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FLEXO Magazine : September 2010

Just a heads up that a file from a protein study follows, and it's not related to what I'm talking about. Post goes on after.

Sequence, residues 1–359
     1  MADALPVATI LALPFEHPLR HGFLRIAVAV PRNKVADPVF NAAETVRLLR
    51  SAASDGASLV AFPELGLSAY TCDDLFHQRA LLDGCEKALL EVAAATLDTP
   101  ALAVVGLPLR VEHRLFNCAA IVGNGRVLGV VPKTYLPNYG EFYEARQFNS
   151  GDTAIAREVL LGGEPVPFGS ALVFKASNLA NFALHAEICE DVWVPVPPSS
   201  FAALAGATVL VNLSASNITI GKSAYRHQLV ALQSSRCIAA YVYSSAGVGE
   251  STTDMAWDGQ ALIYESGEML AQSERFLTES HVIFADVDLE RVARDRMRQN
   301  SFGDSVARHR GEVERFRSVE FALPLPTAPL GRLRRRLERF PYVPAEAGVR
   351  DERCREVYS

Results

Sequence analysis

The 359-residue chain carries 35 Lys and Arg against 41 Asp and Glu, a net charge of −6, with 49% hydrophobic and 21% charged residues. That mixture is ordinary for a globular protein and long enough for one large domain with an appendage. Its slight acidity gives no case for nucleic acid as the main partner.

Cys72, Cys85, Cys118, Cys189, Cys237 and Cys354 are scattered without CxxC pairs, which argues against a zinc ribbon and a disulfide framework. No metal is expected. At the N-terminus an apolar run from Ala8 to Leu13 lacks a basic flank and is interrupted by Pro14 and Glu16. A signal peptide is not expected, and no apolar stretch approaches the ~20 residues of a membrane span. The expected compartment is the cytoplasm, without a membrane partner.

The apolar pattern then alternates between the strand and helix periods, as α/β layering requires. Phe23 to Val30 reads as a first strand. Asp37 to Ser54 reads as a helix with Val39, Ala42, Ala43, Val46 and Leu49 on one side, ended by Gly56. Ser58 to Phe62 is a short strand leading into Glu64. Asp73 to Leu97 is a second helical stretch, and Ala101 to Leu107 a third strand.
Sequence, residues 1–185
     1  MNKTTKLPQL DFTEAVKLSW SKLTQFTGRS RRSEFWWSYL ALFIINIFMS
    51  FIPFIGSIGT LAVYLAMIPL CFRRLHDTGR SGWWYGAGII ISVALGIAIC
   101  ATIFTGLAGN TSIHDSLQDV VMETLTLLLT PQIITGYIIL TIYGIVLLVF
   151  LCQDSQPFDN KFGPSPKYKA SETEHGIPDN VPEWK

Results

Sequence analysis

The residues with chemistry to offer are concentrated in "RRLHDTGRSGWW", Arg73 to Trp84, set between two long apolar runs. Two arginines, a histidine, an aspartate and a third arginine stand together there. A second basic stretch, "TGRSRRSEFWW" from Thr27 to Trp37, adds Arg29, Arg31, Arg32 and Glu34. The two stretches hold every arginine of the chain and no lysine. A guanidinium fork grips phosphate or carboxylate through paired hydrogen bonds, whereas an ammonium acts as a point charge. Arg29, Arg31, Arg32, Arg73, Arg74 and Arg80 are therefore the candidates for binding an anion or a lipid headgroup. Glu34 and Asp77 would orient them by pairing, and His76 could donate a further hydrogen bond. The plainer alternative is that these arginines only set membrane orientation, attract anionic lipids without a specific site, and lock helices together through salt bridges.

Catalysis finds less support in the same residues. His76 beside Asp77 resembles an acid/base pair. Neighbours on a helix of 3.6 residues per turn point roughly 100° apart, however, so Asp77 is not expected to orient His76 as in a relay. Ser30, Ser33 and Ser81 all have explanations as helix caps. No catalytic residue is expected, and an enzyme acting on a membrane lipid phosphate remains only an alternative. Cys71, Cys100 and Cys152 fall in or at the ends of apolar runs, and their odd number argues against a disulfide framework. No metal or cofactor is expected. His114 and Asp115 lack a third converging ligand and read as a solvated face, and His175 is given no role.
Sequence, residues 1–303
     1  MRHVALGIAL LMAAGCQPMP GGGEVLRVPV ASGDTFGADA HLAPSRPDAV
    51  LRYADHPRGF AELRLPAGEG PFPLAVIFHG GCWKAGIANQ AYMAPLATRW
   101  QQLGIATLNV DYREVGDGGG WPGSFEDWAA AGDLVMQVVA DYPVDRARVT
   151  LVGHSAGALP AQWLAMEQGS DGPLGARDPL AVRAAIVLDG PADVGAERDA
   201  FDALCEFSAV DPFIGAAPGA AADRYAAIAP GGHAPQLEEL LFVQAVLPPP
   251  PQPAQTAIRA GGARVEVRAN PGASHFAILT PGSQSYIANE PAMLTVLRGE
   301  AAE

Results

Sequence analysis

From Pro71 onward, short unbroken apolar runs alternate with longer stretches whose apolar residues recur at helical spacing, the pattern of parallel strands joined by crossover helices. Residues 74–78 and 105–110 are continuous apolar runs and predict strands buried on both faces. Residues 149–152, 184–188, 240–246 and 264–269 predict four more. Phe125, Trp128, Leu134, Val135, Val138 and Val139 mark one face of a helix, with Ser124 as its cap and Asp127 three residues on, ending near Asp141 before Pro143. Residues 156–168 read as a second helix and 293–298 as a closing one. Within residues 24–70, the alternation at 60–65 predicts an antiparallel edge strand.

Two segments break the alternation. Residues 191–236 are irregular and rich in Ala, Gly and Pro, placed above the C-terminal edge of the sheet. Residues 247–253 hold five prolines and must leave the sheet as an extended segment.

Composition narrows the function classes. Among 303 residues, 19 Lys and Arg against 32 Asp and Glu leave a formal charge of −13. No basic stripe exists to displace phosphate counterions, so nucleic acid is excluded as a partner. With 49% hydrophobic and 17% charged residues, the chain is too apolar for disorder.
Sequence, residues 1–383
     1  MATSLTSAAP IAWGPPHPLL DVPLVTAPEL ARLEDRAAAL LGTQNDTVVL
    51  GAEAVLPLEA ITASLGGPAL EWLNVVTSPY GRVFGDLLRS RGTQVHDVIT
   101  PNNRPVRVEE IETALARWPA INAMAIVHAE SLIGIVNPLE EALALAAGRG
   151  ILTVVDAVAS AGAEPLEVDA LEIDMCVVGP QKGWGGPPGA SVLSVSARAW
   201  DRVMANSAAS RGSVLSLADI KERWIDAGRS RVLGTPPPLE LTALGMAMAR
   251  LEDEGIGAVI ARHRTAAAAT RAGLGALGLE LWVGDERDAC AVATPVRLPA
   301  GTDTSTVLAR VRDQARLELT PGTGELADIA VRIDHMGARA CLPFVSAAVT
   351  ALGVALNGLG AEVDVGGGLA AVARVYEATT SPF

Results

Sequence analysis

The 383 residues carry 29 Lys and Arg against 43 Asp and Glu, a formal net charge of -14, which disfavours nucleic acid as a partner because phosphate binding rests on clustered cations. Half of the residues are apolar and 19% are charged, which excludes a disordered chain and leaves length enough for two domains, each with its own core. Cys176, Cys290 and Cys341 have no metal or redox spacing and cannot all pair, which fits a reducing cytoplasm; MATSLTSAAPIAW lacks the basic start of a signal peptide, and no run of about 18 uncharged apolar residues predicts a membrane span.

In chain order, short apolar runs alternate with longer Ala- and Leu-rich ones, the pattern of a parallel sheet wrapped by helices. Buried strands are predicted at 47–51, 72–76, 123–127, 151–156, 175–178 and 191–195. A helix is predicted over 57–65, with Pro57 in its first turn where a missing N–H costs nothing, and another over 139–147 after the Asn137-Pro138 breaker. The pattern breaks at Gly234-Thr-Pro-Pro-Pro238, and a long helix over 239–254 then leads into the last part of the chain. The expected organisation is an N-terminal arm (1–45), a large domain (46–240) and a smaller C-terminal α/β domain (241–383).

Industry Indicators Opportunities and Challenges in Packaging Paper Markets By Frank Perkowski Arecent study focusing on the North American pack- aging papers market segment concluded that this segment offers both opportunities and challenges for industry participants across the supply chain. In addition, recent and emerging developments within this segment are likely to result in major market shifts going forward. These papers include a range of different paper types and applications that are characterized by very different market and supply dynamics. As a result, this important segment is often misunderstood and under estimated relative to its sig- nificance within the overall packaging segment. While most packaging market participants can quickly identify applica- tions such as labels, release papers, and multiwall bags as major markets for packaging papers, other applications such a s foodservice papers, food processing papers, industrial wrapping papers, and multi-ply packaging paper wraps are not well known or understood. Market Size Taken as a whole, however, these market applications (con- sisting of 10 distinct segments) represented about $7.9 billion in annual U.S . sales at the finished packaging sales level, nearly 3.9 million tons, and more than $4.0 billion in paper sales in 2009. From a paper converter or printer perspective, these papers taken as a whole represent a little more than 50 percent of the total cost of sales, reflecting, for most convert- ers, their largest cost area. But the relative significance of paper cost in each applica- tion depends on the amount of total value added in the con- verting operation for each of the major application categories. A key factor, of course, is the number and type of different value-adding converting operations that are employed in creating the finished packaging material in each case. The bar chart provides an overview of the substrate cost of each of the 10 major application segments, and shows the total U.S. paper expenditures as a percentage of the total finished packaging cost for each one. As can be seen, the relative cost of the paper substrate varies from a low of about 36 percent to a high of about 80 percent, reflecting a significant variation in the amount of value addition at the converting level in each case. This percentage also has implications relative to profit potential within each applica- tion category, the opportunity to offer differentiated products to the customer, and the ability of convert- ers to exert influence on suppliers and customers within the supply chain. Looking at this market in another way, the pie chart below breaks out the total packaging paper volume for each of the 10 major paper packaging application identified in this study. As can be seen, the larg- est application category in terms of both total and paper expenditures is the release-base application cat- egory, while the smallest category is food processing papers. Printing iMPOrtanCe Within these 10 segmentation categories, there are about 60 individual applications that we have identified. These ap- plications are quite varied and range from unprinted grocery bags and industrial wrapping papers at the low end of the print spectrum, to decorative labels and composite packag- ing wraps at the high end, where the highest quality and most intricate printing is demanded. While about 44 percent of the • U.S. sales estimated to be $7.9 billion annually at the finished packaging sales level. • Printed material totals about 2.2 million tons annually. • Cost of the paper substrate varies from a low of about 36 percent to a high of about 80 percent of the finished product. Figure 1 16 FLEXO sePtemBer 2010 www.flexography.org FLX_Sept2010_mech.indd 16 8/31/10 5:40 PM